BlackBerry is not ruling out a new phone running its own operating system, even at a time when its hardware sales continue to decline and it is pushing ahead with new Android-based smartphones. Recently BlackBerry’s chief operating officer announced that they are not backing away from BB10, reports Bloomberg.
Bringing the best of both worlds
Last week, BlackBerry revealed it was discontinuing its keyboard-equipped Classic model. This move set off a whirlwind of articles in the tech blogosphere, where writers suggested that the Canadian firm was abandoning the keyboard and its proprietary operating system BB10. However, COO Marty Beard told Bloomberg in an interview on Monday that neither of those assertions is true.
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“We are absolutely not backing away from BB10,” Beard said. “The company’s never said that we would not build another BB10 device.”
Beard said that investors should realize that BlackBerry’s Android software is just as unique as BB10. He added that the company is pulling all the top features from BB10 and adding them to its version of the Android operating system. The Canadian smartphone maker is creating a hybrid OS with the best of both worlds, said Beard.
“The market doesn’t seem to understand. It talks about them as very binary,” the executive said.
BlackBerry, which is still selling its Passport and Leap BB10 phones, says the final decision will be based on what customers want: Android-based phones or pure BB10 phones.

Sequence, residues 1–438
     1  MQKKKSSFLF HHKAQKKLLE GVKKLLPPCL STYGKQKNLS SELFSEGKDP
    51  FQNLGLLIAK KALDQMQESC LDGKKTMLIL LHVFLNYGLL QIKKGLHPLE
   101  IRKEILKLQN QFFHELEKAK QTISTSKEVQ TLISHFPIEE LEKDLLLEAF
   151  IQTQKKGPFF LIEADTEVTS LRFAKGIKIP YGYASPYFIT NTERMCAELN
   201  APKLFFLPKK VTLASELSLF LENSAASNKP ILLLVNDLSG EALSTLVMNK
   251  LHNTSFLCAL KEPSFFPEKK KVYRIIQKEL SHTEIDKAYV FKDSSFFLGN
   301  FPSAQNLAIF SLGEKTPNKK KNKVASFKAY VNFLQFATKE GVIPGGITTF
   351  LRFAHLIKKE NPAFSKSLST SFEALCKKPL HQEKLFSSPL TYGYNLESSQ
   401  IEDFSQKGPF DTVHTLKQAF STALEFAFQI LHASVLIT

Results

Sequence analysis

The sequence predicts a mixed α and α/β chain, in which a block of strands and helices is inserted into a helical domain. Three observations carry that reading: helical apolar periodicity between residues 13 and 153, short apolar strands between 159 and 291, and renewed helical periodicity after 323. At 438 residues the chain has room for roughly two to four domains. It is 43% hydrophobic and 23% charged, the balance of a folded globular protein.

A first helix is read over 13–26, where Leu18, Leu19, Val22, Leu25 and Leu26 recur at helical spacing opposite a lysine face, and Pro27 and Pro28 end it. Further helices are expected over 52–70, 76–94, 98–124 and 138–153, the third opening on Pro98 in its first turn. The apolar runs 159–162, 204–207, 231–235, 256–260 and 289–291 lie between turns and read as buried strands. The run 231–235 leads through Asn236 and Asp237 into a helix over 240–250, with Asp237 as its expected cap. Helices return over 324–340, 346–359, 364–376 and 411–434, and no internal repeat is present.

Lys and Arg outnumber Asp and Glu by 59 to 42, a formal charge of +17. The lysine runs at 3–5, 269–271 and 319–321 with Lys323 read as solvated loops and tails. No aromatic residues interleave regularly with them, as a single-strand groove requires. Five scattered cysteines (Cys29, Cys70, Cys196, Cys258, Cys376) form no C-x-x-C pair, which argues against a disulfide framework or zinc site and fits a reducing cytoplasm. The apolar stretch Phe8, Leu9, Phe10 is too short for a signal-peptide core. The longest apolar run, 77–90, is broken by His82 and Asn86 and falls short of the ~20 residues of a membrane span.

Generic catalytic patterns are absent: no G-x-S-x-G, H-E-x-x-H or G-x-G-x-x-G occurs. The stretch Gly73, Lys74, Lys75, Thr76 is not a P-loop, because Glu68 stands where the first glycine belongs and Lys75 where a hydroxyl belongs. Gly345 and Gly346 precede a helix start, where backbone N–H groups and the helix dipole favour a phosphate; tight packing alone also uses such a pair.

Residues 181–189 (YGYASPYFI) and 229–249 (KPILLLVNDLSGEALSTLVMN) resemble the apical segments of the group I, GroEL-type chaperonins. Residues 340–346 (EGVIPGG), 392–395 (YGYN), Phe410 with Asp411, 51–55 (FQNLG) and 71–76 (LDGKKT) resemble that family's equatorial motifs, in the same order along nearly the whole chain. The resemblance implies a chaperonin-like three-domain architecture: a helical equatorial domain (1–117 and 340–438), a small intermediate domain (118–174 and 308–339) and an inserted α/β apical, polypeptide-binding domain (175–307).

Will BlackBerry cut handsets completely?
Last year, the Canadian firm started making handsets running on the Android operating system because developers had stopped building applications for BB10. At that time, CEO John Chen said they would keep making BB10 for its security-conscious customers, but BlackBerry’s version of Android software would eventually be secure enough to replace the BB10 operating system if needed.
Beard declined to provide more details about the next handsets but said the announcement for BlackBerry’s next handset is “very, very imminent.” Also the next handset will be Android-based. The Waterloo-based smartphone maker has its annual Security Summit scheduled for July 19. Chen has already said that the Android-based Priv did not sell well as he was hoping.
The Waterloo-based company has at least two new phones in the works and is aiming to make the unit profitable by September. But according to some analysts, only cutting handsets completely would restore the market’s confidence in the company.
On Monday, BlackBerry shares closed up 0.45% at $6.69. Year to date, the stock is down more than 28%, while in the last year, it is down 13%.